Wanna keep up with us as we travel on a sailboat with kids and Great Dane ? Follow our website and/or check out our Patreon site if you wanna buy us a beer (we’ve heard there’s cold beer in Chacala ?).

 

Reblog: Weekend Share #122 — Its good to be crazy Sometimes

Ok Ok, I admit I didn’t get the post done that I wanted to get done but I am using valuable Wifi time here to put out a reblog for another MUCH larger blogger.  Why would I do this?  I’m sitting on a boat in the middle of an anchorage using valuable Wifi time rebloging her weekend post….cause I think it’s important enough to do.  See…folks who write for much larger blogs often use their websites to gather smaller bloggers (like me) together and try to get their many viewers to take a look at some of these smaller websites…thus trying to get their bounty of readers to expand the horizons.  I think this is brilliant and I appreciate it…so I pay it back by republishing the page so others can look at it.  If you want to find smaller bloggers who have unique points of view, take a look inside this post at her site and see if you find ones that you click with- or not!

And…remember that the HelmsMistress will be putting out a great story on Weds as we prep to start north (maybe as early as next week).

 

 

 

via Birthday Weekend Share #122 — Its good to be crazy Sometimes

Quincy’s Corner: Hearing Humpbacks

Did you know that only MALE Humback Whales sing the distinctive whale slogs you’ve heard about in movies, wildlife shows and elsewhere?  Yep…it’s true and Miss Quincy the Great Dane can hear them more often than we can.  She can also hear the momma and baby whale’s breathing and she can see and hear the dolphins as they play close close to the boat.  To our surprise, all this activity doesn’t seem to drive her nuts and she seems to take it all in stride.  However, one of her feeders is an avid whale watcher and when there’s whales…there’s no way to break her away from her whale watching time.  Wanna know more about Miss Quincy the Great Dane or her whale watching?  Come back in comments and ask away..she’ll put her paws into it and answer you back.


Yep, we live on a cruising sailboat with a Great Dane, two small kids and a Big Green Egg.  We love our nomadic lifestyle (which is NOT like camping) and taking our home with us as we move…but most of all I love the ability to travel with my dog and family.  Having to make a choice between cruising and the dog would not have worked for us…so we just took her with us.  She’s a handful but she’s our handful.

For the first time in our lives, we’ve been able to lay in bed and hear these same sounds as the high pitch songs of the romantic Humpback males come through the fiberglass hull of the boat, making a tune like no other.  Humpback Males sing to attract a mate or show dominance via their crooning skills or any myriad of other reasons…but we benefit just by listening to the majestic songs of the sea.  the population has recovered and seems to be doing well…which is a relief to folks who depend on the whales for their living.  The songs travel for long distances through the water, meaning the males may be miles away, but their songs travel with the tides.  The highlight of this place has been the whales…and the good weather.  But soon it will be time to start traveling again and we’re starting to get ansy…ready to get going soon.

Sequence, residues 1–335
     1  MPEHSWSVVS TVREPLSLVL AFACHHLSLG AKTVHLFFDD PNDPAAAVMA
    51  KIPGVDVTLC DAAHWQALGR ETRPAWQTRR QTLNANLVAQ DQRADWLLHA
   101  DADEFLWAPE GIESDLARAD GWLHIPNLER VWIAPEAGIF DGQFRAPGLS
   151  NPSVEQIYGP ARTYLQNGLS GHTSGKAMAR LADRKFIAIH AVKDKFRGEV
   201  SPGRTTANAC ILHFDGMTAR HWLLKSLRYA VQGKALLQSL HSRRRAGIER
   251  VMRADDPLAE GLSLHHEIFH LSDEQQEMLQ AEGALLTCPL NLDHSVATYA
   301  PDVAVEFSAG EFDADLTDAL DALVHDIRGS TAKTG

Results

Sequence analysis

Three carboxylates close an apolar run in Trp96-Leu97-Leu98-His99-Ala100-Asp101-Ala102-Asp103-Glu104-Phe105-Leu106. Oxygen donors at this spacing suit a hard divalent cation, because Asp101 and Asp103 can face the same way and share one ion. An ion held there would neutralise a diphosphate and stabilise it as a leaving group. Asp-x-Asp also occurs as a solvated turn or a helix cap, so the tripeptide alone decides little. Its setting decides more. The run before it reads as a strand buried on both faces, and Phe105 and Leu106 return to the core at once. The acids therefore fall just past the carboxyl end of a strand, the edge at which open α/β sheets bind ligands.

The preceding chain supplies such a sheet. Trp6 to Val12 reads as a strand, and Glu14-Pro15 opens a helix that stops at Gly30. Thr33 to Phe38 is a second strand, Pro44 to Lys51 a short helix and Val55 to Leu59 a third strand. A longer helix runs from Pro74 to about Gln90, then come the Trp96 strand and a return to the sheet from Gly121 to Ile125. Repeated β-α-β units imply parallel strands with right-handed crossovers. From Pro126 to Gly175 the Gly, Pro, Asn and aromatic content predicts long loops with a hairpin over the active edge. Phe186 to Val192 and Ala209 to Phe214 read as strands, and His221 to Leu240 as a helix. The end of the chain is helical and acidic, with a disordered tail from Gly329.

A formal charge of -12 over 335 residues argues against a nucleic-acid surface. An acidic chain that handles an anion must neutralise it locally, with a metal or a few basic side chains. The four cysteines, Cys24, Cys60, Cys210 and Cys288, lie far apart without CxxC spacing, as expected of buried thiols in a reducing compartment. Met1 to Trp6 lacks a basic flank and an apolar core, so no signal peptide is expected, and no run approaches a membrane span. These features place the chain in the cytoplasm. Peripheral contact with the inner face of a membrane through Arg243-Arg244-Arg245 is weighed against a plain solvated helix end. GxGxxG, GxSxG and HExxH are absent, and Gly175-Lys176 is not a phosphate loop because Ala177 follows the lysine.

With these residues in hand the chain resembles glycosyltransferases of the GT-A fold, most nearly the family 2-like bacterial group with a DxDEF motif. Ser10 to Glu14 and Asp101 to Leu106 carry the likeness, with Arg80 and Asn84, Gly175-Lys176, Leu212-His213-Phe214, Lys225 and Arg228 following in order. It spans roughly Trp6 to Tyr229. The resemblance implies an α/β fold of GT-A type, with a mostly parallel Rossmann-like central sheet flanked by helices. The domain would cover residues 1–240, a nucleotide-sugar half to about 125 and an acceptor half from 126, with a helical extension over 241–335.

Want some great reef safe sunscreen that’s good for the earth? Use the code “Sail Fast” See below:

 

Surrounded By Sailing Luminaries

I sit here in the light of the sun slowly fading on the western horizon, Tulum gently rocking in the swells.  As our thoughts begin to focus more and more on moving back into the Sea of Cortez, I reflect on the sailing notables and luminaries who have frequented La Cruz just in the last couple months.  Some we met and some we didn’t, but they were here at one point or the other in the last couple months.  Just thinking through the confluence of sailing experience here in the last 30 days..I’m a bit starstruck.  I plucked up enough courage to be able to ask some of these folks for interviews (for the website) before they left, but only a few were able to coordinate schedules and meet with me for a quick interview.  (However, every one of them did actually email me back, even if they couldn’t meet with me). (more…)

Kids Corner: Teagan’s Pet Recommendations

TODAY, I WILL BE WRITING ABOUT………PETS ABOARD!!! Yeah, I’m totally psyched about boat pets.  But then again, I REALLY want one myself. I think that’s what I’ll write about this post, ‘cause they are pretty cool (and some- times furry, slimy, soft, pretty, cute, and maybe even creepy!)! There are tons of pets, and so many of them can live on a boat with you. They are usually pretty easy to care for, and love to play. Me, I think I want a hamster. Today, we’re gonna dive into the creepy, cute, playful world of boat pets!